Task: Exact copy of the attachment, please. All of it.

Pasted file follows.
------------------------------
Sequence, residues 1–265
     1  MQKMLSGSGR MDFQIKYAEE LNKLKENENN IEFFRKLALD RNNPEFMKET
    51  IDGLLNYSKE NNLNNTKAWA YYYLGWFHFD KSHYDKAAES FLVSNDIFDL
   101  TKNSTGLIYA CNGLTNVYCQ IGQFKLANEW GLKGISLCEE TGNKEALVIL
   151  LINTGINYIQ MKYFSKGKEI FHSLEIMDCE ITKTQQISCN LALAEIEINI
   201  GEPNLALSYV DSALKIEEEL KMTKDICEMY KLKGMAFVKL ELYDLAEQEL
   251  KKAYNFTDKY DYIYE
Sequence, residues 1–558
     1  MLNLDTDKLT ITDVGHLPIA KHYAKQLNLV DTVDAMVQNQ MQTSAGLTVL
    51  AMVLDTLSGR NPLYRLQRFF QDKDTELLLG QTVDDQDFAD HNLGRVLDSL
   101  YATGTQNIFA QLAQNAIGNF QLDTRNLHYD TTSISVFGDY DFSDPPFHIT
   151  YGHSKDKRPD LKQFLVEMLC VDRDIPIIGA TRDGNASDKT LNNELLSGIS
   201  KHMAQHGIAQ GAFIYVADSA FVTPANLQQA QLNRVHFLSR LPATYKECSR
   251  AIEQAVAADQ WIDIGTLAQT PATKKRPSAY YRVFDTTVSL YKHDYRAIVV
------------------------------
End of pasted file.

Sequence, residues 1–265
     1  MQKMLSGSGR MDFQIKYAEE LNKLKENENN IEFFRKLALD RNNPEFMKET
    51  IDGLLNYSKE NNLNNTKAWA YYYLGWFHFD KSHYDKAAES FLVSNDIFDL
   101  TKNSTGLIYA CNGLTNVYCQ IGQFKLANEW GLKGISLCEE TGNKEALVIL
   151  LINTGINYIQ MKYFSKGKEI FHSLEIMDCE ITKTQQISCN LALAEIEINI
   201  GEPNLALSYV DSALKIEEEL KMTKDICEMY KLKGMAFVKL ELYDLAEQEL
   251  KKAYNFTDKY DYIYE
Sequence, residues 1–558
     1  MLNLDTDKLT ITDVGHLPIA KHYAKQLNLV DTVDAMVQNQ MQTSAGLTVL
    51  AMVLDTLSGR NPLYRLQRFF QDKDTELLLG QTVDDQDFAD HNLGRVLDSL
   101  YATGTQNIFA QLAQNAIGNF QLDTRNLHYD TTSISVFGDY DFSDPPFHIT
   151  YGHSKDKRPD LKQFLVEMLC VDRDIPIIGA TRDGNASDKT LNNELLSGIS
   201  KHMAQHGIAQ GAFIYVADSA FVTPANLQQA QLNRVHFLSR LPATYKECSR
   251  AIEQAVAADQ WIDIGTLAQT PATKKRPSAY YRVFDTTVSL YKHDYRAIVV